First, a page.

There is a secret to successfully living the Christian life. And that same secret applies when we’re struggling with how to forgive.

Understanding Our Worth

We are all wounded. We are all inadequate. On our best days, our self-esteem hovers somewhere between feeble and fragile. All it takes is disapproval—or perceived disapproval—to send us staggering. These attacks bother us because we forget who we really are.

As believers, you and I are forgiven children of God. We have been lovingly adopted into his royal family as his sons and daughters. Our true worth comes from our relationship to him, not from our appearance, our performance or our net worth. When we remember that truth, criticism bounces off us like BBs ricocheting off a rhino. The trouble is that we forget.

We seek others’ approval. When they reject us instead, it hurts. By taking our eyes off God and his acceptance and putting them on the conditional acceptance of our boss, spouse, or friend, we set ourselves up to be hurt. We forget that other people are incapable of unconditional love.

Understanding Others

Even when other people’s criticism is valid, it’s still hard to take. It reminds us that we have failed in some way. We didn’t measure up to their expectations, and often when they remind us of that, tact is low on their priority list.

Sometimes our critics have ulterior motives. An old proverb from India goes, “Some men try to be tall by cutting off the heads of others.” They try to make themselves feel better by making others feel bad. You have probably had the experience of being put down by a nasty remark. When that happens, it is easy to forget that others are broken just like us.

Jesus understood the brokenness of the human condition. No one knows the human heart like him. He forgave tax collectors and prostitutes, and forgave his best friend Peter, for betraying him. On the cross, he even forgave the people who killed him. He knows that humans—all humans—are weak.

For us, though, it usually doesn’t help to know that those who have hurt us are weak. All we know is that we were injured and we can’t seem to get over it. Jesus’ command in the Lord’s Prayer seems too hard to obey: “And forgive us our debts, as we also have forgiven our debtors.” (Mark 6:12, NIV)

Understanding the Trinity’s Role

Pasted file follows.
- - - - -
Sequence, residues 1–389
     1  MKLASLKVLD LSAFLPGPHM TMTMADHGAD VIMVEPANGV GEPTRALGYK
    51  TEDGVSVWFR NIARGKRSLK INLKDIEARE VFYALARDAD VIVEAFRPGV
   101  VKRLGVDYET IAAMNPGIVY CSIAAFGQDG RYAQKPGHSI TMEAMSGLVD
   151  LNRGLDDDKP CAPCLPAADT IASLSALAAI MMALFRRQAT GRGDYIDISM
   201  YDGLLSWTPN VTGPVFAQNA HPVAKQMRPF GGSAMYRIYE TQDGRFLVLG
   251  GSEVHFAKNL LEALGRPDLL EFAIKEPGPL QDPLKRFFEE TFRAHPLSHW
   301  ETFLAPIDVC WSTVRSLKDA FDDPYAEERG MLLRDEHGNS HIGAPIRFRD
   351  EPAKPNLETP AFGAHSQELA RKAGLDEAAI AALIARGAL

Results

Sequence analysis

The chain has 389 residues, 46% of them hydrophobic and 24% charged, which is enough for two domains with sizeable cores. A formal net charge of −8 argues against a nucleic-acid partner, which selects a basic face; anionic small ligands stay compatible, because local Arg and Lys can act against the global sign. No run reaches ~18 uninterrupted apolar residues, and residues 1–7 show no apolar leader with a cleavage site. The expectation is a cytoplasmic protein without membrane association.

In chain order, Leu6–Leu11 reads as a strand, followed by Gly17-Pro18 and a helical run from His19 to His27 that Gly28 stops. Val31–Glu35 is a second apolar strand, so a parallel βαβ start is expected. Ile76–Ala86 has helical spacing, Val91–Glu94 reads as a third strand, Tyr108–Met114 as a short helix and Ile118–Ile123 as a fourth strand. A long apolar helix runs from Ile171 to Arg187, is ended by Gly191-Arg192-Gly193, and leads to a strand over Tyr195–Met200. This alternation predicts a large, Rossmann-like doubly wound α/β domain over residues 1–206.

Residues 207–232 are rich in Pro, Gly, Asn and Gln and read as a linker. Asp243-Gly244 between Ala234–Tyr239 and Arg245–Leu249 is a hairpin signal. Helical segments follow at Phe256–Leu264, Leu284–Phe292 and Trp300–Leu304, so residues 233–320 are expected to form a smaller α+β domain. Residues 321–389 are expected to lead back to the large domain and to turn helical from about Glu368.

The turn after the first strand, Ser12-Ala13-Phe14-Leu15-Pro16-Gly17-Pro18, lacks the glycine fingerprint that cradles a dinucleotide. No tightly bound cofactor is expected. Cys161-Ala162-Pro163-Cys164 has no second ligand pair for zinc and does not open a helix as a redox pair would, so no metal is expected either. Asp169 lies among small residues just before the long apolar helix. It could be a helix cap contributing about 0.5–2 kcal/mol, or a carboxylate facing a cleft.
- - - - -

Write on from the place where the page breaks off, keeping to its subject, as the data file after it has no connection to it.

When we have been hurt, our instinct is to hurt back. We want to make the other person pay for what they did. But exacting revenge steps over the line into God’s territory, as Paul warned,

“Do not take revenge, my dear friends, but leave room for God’s wrath, for it is written: ‘It is mine to avenge; I will repay,’ says the Lord.” ~ Romans 12:19, NIV

If we cannot take revenge, then we must forgive. God commands it. But how? How can we let it go when we have been unjustly hurt?

The answer lies in understanding the Trinity’s role in forgiveness. Christ’s role was to die for our sins. God teh Father’s role was to accept Jesus’ sacrifice on our behalf and forgive us. Today, the Holy Spirit’s role is to enable us to do those things in the Christian life we cannot do on our own, namely forgive others because God has forgiven us.

Refusing to forgive leaves an open wound in our soul that festers into bitterness, resentment, and depression. For our own good, and the good of the person who hurt us, we simply must forgive. Just as we trust God for our salvation, we have to trust him to make things right when we forgive. He will heal our wound so we can move on.

In his book, Landmines in the Path of the Believer, Charles Stanley says:

“We are to forgive so that we may enjoy God’s goodness without feeling the weight of anger burning deep within our hearts. Forgiveness does not mean we recant the fact that what happened to us was wrong. Instead, we roll our burdens onto the Lord and allow Him to carry them for us.

Rolling our burdens onto the Lord—that’s the secret of the Christian life, and the secret of how to forgive. Trusting God. Depending on him instead of ourselves. It’s a hard thing but not a complicated thing. It’s the only way we can truly forgive.”

(Adapted from